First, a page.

First, the company was started in 2004, grew, and went public in 2012. Eight years to IPO with an uphill environment of bad economy and bad regulations that were huge impediments to them. Since 90 percent of digital companies fail, just surviving was great.
Of all the companies that start up, most are acquired. Facebook actually becoming what they have become is pretty awesome when you look at the odds.
Second, a company goes public to get capital for growth. In the analysis that takes place before the IPO day, the company and the investment bankers helping it have a lot of discussions about where to price.
From the company perspective, they want the highest price possible. The investment bankers play both sides of the fence, wanting the highest price for the company, but they want to leave room for investors to make some money as well.
That is what helps create the initial market.
Facebook obviously priced the IPO to perfection. They opened at $38, traded up, and settled 26 cents above the price.
They maximized returns for the company. They also maximized returns for all the investors that put money into Facebook leading up to the IPO since any of them sold stock at $38. All their employees that decided to sell stock maximized their returns too. The IPO was very good to them, and all of them have to be extremely happy with how it went.
If you are among the general public that thinks that bankers shouldn't get rich and should be run out of business, Facebook looks like they are on your side.
Why was facebook ipo a failure
Instead of getting their usual 6 percent in fees, bankers only received 1 percent in fees. Plus, on the first day, JP Morgan had to defend the IPO price costing them money. Employees became millionaires and billionaires. They will start new companies that might enrich other people. The Facebook IPO ought to make banker antagonists smile.
The second day drop in shares ought to make proponents of Eugene Fama's Efficient Market Hypothesis smile.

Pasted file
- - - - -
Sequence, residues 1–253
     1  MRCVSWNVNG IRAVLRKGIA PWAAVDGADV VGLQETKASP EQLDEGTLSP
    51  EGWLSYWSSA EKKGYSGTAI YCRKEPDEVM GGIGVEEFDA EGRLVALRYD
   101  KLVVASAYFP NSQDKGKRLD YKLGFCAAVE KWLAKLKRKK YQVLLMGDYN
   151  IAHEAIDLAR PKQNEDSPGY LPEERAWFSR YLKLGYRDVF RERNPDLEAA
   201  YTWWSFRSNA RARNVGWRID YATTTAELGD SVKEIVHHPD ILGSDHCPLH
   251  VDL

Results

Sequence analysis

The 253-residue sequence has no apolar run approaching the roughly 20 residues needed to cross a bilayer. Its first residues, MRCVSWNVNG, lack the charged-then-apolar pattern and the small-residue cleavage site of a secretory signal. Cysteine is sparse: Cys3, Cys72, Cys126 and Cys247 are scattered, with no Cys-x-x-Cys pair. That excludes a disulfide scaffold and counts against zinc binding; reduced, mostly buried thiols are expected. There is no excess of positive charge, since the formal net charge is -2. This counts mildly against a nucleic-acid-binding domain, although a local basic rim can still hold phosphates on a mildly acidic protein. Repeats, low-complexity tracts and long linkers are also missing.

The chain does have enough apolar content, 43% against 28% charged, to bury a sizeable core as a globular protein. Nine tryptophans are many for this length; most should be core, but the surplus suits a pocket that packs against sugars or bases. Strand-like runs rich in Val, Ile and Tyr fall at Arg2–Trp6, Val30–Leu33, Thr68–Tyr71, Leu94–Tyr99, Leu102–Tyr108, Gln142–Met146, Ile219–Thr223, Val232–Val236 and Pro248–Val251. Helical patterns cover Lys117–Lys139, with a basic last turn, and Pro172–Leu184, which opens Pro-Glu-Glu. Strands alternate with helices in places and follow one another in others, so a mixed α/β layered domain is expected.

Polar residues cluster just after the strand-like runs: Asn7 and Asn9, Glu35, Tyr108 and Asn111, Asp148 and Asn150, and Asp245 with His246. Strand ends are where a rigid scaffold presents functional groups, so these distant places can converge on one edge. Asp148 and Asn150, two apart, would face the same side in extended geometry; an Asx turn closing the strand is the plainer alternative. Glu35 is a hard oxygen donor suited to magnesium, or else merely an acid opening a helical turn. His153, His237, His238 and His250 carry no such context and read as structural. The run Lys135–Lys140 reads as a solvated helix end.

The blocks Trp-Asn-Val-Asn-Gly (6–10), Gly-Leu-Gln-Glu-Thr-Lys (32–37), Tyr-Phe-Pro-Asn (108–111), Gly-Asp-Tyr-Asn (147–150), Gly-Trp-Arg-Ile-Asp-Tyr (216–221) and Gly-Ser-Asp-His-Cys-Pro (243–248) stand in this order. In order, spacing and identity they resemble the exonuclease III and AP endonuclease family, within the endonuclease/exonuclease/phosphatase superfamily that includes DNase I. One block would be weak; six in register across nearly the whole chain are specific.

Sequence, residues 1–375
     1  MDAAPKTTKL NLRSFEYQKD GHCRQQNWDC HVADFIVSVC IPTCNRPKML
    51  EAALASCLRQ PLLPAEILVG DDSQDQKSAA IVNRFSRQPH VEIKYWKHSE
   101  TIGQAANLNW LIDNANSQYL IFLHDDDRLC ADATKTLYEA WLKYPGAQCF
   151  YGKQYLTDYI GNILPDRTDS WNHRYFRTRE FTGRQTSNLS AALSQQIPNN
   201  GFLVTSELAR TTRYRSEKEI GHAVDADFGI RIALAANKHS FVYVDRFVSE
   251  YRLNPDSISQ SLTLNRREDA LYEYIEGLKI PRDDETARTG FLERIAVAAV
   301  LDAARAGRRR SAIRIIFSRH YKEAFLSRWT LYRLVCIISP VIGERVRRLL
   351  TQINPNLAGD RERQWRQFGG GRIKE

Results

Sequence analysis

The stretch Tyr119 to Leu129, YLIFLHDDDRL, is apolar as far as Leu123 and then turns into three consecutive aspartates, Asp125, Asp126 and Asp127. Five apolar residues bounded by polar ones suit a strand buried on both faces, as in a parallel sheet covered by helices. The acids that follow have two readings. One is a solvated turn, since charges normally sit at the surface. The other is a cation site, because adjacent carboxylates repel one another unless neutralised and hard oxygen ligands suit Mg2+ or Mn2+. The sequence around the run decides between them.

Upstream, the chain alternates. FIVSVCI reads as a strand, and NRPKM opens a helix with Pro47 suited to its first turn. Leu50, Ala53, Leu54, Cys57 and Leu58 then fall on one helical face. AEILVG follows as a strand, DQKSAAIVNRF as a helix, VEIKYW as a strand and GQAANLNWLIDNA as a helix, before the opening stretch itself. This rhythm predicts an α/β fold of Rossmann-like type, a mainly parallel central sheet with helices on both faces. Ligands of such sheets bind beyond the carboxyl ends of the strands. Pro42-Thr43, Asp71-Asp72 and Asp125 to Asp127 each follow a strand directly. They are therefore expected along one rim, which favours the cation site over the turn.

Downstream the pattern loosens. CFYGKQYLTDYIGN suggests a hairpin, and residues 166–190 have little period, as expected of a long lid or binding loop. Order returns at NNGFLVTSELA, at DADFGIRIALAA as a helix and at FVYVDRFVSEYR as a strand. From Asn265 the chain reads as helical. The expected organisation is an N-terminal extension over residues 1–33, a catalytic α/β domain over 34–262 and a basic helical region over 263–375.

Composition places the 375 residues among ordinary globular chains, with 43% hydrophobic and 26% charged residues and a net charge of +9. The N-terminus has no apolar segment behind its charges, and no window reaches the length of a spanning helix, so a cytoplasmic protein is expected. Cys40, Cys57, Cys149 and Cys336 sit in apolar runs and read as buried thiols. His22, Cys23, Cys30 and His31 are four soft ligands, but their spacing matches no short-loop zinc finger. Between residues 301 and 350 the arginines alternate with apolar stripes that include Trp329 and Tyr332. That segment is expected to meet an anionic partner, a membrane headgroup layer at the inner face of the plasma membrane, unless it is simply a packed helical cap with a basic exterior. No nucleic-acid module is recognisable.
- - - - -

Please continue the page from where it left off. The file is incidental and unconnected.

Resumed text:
Instead of picking one stock to buy, average investors are far better off buying a no-load mutual fund that replicates the S&P 500. You can't beat the market, and you can't get rich quick from flipping IPOs either. The turtle wins the race when it comes to investing.
There was a lot of anticipation leading up to this IPO.
That created overwhelming demand. On many television business channels, Facebook was all the anchors could hyperventilate about. Facebook, like a few other recent companies that went public, is accessible.
Average investors could touch and feel them. It doesn't take a rocket scientist to figure out their business model.
The worst thing that can happen on IPO day is for an insider is to sell their shares at a price of X on the IPO, and then have the stock rally 10 percent.
That means the market got 10 percent that the insider deserved since they assumed all the risk prior to that day. In addition to raising capital for the firm, the IPO allows employees of the firm to diversify their own risk since they are “risking” their human capital asset by working for the firm and accumulating stock that may or may not be worth something.
Facebook IPO: Success or failure?
Where the company trades in the next six months really doesn't matter. As more restricted stock comes to market and as market forces start to work on the capital structure of the company, the price will change.
The real important metric for Facebook will be where the stock price is four years from today. We are going to see some rapid change and how Facebook adapts to that will tell the tale of the company.
If you noticed Super Bowl ads last year, many of them touted their Facebook page rather than their web page.
Facebook IPO: What the %$#! happened?
That's market power, and why Facebook may have staying power. GM may have pulled ads off Facebook but they haven't taken their Facebook pages down. GM's competitors are becoming more aggressive with Facebook. That is a battle worth buying popcorn for.
If Ford is able to wrest market share from GM and can quantify that it came from their more effective use of social media, Facebook at $38 is cheap.
The act of doing an IPO will change Facebook. It will make them even more disciplined. Accessing the public market gives them cheaper weighted costs of capital, and should assist them in growing their company faster. Their space is hyper competitive. They will need to be very adept at adoption of new technology and listening to their customers to figure out where the market is going.
The Failure of Facebook's IPO
Congratulations to them all. They did a great job.
Ignore the press. They just like to try and fan flames and create controversy.
Facebook's Initial Public Offering - An IPO Case Study
Now take your money and invest it like Gene Fama would, or start the next great company (in Chicago at 1871!).